“Just because there are lots of global challenges doesn’t mean you have to overreact on one just to make a point,” said Benjamin J. Rhodes, his deputy national security adviser. “They each have to be managed carefully in their own right. We have longer run plays that we’re running. Part of this is keeping your eye on the long game even as you go through tumultuous periods.”

Others said that long game was sometimes hard to detect in what seemed an ad hoc foreign policy. “If they had a strategy that allowed allies to understand what we’re likely to do — the principles guiding our choices — they could take coordinated and strengthening actions,” said Kori Schake, a former aide to President George W. Bush now at the Hoover Institution. “But their unpredictability discourages others from acting, which is where ‘leading from behind’ runs aground.”

The confluence of crises seems to confront Mr. Obama almost with each passing day. He has been pressing Chancellor Angela Merkel of Germany to force a more robust European response to Russian aggression just as the relationship ruptured again over a new report of American spying in her country.

As the death toll rises in the latest round of Israeli-Palestinian fighting, a look at the Obama administration’s strategy for reaching a cease-fire.
Video Credit By Christian Roman and Carrie Halperin on Publish Date July 22, 2014. Image CreditWissam Nassar for The New York Times

Hoping to smooth things over, Mr. Obama dispatched his White House chief of staff, Denis R. McDonough, and counterterrorism adviser, Lisa Monaco, to Berlin, where they met with German officials on Tuesday, even as European foreign ministers were meeting separately to consider new sanctions on Russia.

As Mr. Obama tries to corral the Europeans on Russia, he must manage their discontent over Israel’s ground invasion of Gaza. He is also trying to keep Afghanistan from falling into new disarray over a disputed election while arguing that he is not making the same mistake critics believe he made in Iraq by pulling out all troops there as well.

At the same time, he has summoned Central American leaders to the White House on Friday to press them to stop the flow of children heading illegally to Texas. And some in the administration worry that with everything else going on, not enough attention is being paid to the bloody civil war in Syria.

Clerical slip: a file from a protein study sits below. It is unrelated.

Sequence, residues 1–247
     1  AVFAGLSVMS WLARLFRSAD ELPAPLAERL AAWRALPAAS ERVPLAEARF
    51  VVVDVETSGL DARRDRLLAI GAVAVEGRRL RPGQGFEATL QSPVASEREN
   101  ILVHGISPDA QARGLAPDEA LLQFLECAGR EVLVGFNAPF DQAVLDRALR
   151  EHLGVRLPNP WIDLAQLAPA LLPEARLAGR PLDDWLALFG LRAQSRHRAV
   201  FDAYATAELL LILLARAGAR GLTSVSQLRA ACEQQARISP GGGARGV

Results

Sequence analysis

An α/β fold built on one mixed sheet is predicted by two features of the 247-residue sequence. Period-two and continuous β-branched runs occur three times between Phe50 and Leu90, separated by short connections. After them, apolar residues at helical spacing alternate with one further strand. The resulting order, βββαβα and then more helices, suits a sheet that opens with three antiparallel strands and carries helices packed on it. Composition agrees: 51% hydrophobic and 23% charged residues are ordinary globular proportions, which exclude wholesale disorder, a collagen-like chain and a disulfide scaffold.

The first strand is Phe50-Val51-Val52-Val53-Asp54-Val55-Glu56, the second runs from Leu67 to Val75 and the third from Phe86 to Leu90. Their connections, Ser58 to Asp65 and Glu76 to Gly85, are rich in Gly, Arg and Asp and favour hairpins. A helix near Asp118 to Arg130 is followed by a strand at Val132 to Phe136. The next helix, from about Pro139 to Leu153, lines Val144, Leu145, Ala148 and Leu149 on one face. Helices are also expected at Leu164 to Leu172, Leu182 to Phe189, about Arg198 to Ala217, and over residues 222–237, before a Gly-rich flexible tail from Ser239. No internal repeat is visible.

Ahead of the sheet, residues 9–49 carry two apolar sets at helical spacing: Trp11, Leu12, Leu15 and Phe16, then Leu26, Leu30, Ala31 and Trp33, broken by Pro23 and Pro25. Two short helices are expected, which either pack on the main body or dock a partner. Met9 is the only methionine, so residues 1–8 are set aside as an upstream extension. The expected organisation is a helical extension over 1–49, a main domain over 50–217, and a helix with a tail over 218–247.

The cascading crises reflect larger trends, according to Richard N. Haass, president of the Council on Foreign Relations. While the Cold War made for clear relationships, there is no such structure anymore. “So what you have are relationships where you may cooperate with certain countries on certain issues on certain days of the week, while on other issues on other days of the week, you may compete or simply go your own way,” he said.

R. Nicholas Burns, a former under secretary of state now at Harvard, said Mr. Obama should prioritize by focusing on forging deals in two areas in the next week, a unified response to Russia and a cease-fire in Gaza. “This is an unusually challenging time with all these overlapping crises,” he said. “The president has an opportunity here to put us back in a leadership position by responding effectively to a few of these things.”

Mr. Rhodes said that so far, the White House had not noticed much spillover from one crisis into another. Germany has been cooperative on Ukraine, Russia has not tried to torpedo the Iran talks, and Egypt has asserted itself as a peacemaker, he said.

“It’s mutual interests,” said Tamara Cofman Wittes, director of the Center for Middle East Policy at the Brookings Institution and a former State Department official under Mr. Obama. “You have to assume these other leaders are grown-ups making decisions in their own interests and their cooperation is rooted in mutual interests to some degree. It’s not favor trading, international diplomacy. On this big stuff, this is about interests.”


New Questions on Health Law as Rulings on Subsidies Differ

JULY 22, 2014

WASHINGTON — Two federal appeals court panels issued conflicting rulings Tuesday on whether the government could subsidize health insurance premiums for millions of Americans, raising yet more questions about the future of the health care law four years after it was signed by President Obama.

The contradictory rulings will apparently have no immediate impact on consumers. But they could inject uncertainty, confusion and turmoil into health insurance markets as the administration firms up plans for another open enrollment season starting in November.

By a vote of 2 to 1, a panel of the United States Court of Appeals for the District of Columbia Circuit struck down a regulation issued by the Internal Revenue Service that authorizes the payment of premium subsidies in states that rely on the federal insurance exchange.
If it stands, the ruling could cut off financial assistance for more than 4.5 million people who were found eligible for subsidized insurance in the federal exchange, or marketplace. It could also undercut enforcement of the requirement for most Americans to have insurance and the requirement for larger employers to offer it to their full-time employees.

The Justice Department said the government would continue paying subsidies to insurance companies on behalf of consumers in the 36 states that use the federal exchange, pending further review of the issue by federal courts.

Critics of the law, who said the ruling in Washington vindicated their opposition to it, did not have much time to celebrate. Within hours, a unanimous three-judge panel of the United States Court of Appeals for the Fourth Circuit, in Richmond, Va., issued a ruling that came to the opposite conclusion.